• Treatment of urinary tract obstruction related to pregnancy.
  • Treatment of complications related to renal transplants.
  • Access for other procedures e.g. ureteral stent placement and stone retrieval.

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How are my blocked kidney(s) diagnosed?

Patients that require a nephrostomy are almost always already inpatients. There are routine tests that are performed on nearly all patients that are admitted to a hospital ward. The results of these can indicate to the doctors looking after your care that your kidneys are not performing normally. For example, because the flow of your urine in blocked, the amount that you are producing will reduce, or you may not be passing urine at all. Also, certain chemicals in your blood are very sensitive at indicating deterioration in your kidney function.

A request will be made to the Radiology department at the hospital for a scan of your kidneys. Sometimes, however, the problem is detected when your kidneys are included on a scan which is being performed for a different reason.

Ultrasound and computed tomography (CT) are the scans which routinely diagnose hydronephrosis (blocked kidneys).

Ultrasound:

This is a completely harmless test which uses sound waves to create images of the inside of your body. It is best known for its use in scanning pregnant women.

Ultrasound scan of a normal kidney.

 

 

 

 


 

 

Ultrasound of a kidney showing dilation of the urine collecting system (arrows). The kidney is hydronephrotic.

 

 

 

 

 

 

Computed Tomography:

This is a very sophisticated X- ray scanner which has become one of the main pieces of equipment in all Radiology departments in helping to diagnose a vast range of conditions. It does require subjecting you to radiation. However we all receive natural background radiation in our everyday lives. The radiation from a CT of the abdomen and pelvis is equivalent to about 4.5 years of background radiation.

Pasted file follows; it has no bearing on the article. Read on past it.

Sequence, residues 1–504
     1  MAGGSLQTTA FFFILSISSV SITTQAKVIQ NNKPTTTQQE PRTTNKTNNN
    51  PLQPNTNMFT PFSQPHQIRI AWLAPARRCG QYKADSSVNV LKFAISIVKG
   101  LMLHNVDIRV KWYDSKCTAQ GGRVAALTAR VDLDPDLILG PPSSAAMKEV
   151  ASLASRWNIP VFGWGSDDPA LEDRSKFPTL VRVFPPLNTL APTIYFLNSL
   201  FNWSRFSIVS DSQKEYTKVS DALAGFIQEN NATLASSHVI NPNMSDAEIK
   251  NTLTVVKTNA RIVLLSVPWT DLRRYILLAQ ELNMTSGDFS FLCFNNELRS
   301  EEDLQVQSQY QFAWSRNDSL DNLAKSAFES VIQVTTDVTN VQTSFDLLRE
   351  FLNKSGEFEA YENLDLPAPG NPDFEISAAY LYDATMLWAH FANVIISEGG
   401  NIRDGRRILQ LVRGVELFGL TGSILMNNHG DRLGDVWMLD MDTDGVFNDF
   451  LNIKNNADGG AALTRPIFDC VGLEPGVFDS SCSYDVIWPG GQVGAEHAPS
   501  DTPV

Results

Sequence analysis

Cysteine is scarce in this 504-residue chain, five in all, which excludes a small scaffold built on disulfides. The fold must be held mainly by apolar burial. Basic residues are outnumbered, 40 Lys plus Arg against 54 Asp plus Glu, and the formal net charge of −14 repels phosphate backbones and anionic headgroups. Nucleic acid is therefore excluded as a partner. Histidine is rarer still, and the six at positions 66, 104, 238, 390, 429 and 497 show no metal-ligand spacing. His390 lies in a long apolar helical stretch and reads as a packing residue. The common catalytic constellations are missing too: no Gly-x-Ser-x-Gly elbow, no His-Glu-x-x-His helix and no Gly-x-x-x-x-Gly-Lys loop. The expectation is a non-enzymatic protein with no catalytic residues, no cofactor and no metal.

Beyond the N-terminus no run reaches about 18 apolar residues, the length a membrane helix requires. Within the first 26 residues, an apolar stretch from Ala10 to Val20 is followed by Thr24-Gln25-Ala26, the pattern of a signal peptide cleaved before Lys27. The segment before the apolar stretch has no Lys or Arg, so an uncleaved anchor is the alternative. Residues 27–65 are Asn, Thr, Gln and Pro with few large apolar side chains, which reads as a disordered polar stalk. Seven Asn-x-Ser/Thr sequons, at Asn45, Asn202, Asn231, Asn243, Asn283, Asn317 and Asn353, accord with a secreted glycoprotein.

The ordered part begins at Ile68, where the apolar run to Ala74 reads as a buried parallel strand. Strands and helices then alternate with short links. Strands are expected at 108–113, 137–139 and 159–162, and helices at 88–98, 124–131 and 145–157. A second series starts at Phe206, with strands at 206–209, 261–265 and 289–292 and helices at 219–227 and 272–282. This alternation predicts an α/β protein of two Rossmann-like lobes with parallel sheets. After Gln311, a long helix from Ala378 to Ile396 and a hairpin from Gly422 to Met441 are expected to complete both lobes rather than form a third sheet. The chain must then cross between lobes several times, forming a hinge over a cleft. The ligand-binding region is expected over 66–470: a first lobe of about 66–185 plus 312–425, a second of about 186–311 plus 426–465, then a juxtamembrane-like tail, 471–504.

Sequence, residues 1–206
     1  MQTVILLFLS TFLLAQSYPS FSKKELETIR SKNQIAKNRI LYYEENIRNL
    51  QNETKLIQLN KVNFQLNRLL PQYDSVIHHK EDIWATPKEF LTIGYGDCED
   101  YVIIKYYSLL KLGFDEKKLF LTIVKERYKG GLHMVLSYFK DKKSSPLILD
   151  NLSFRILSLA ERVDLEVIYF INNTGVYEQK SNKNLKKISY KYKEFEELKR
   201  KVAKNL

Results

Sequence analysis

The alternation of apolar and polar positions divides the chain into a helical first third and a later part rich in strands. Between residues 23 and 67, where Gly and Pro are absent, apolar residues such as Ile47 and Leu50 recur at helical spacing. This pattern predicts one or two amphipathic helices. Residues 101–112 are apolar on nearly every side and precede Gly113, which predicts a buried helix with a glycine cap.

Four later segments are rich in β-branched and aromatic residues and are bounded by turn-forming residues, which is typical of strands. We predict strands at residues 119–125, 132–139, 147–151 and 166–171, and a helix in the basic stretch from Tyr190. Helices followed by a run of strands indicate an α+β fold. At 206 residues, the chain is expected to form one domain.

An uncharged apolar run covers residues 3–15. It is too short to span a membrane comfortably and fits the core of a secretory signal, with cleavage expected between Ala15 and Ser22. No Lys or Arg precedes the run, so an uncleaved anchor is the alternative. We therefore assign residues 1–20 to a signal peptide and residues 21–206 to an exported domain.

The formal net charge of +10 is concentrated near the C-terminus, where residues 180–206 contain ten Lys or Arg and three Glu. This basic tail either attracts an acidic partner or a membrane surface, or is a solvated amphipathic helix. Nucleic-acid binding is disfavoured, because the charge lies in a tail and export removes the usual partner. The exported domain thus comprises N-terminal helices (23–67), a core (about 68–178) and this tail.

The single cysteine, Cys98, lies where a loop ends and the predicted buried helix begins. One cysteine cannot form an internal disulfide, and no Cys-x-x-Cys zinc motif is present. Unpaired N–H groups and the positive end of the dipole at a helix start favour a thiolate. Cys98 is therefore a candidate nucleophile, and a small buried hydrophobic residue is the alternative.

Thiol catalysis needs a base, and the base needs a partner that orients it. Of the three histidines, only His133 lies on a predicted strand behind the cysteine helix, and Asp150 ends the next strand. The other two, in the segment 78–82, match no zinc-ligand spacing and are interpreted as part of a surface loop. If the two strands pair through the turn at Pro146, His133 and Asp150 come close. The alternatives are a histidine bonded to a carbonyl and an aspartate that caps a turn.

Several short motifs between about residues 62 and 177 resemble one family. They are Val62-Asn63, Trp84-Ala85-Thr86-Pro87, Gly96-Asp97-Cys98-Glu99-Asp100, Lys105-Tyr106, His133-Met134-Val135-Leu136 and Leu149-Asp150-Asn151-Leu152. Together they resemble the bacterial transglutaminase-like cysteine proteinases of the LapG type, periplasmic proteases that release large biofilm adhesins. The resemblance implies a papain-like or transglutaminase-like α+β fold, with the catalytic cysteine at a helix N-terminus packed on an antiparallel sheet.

A CT scan. The asterisk shows the dilated kidney collecting system, also called the pelvis.

It is important that you realise that we do not subject you to this test unless the benefits to your care outweigh this additional radiation.

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Is there an alternative treatment?

Certain surgical procedures can be used, particularly when more permanent diversion is required. Urology specialist doctors can place tube between the bladder and the kidney, called a ureteric stent. This involves placing a camera into the bladder from below, which is usually done under general anaesthesia but occasionally performed under sedation and local analgesia. In the acute setting in particular, a nephrostomy is preferred to more invasive alternatives as it is less likely to cause overwhelming infection, the consequences of which can be very serious.

There are very few contraindications to the procedure:

  • Bleeding disorders- in particular an inability to form clots to stop bleeding.
  • Uncooperative patient.
  • High levels of the chemical potassium in the blood (hyperkalaemia). This should be corrected with haemodialysis before the procedure.

 

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Performing the procedure

Once the problem with your kidney(s) has been diagnosed, the doctors in charge of your care will discuss your case with an Interventional Radiologist, who will perform the procedure. 

As previously described, the procedure is then performed relatively urgently, usually within 1 to 3 days, depending upon your individual case. This allows you some time to discuss any concerns.

Informed consent is always taken from the patient. Rarely, patients are too sick to be able to give consent themselves. This can happen for a variety of reasons. In this situation, the doctor can still proceed if it is deemed to be in your best interests.

The procedure is carried out in the X- ray department utilising X- rays to allow real time imaging (known as fluoroscopy). The room resembles an operating theatre and can be intimidating. This is however necessary to prevent any possible spread of infection, and you need not be alarmed.

Example of inside of an interventional radiology theatre where the procedure occurs.

 

The patient lies down on the X- ray table, on their front. A doctor or nurse may inject painkillers or sedation via the cannula in your vein, but this is usually not required. Antiseptic cleaning solution is applied to the skin over the kidney, and sterile drapes placed around this site. Local anaesthetic is injected into the skin over your kidney. This is often the part of the procedure that causes most pain. It is similar to the jag that dentists use, and should be numb after a few minutes. You will still be aware of the area being touched throughout the procedure, but it shouldn’t be painful. If it is, you should inform the nurse or doctor.

Your pulse, heart rate, oxygen level and blood pressure are monitored constantly with special equipment.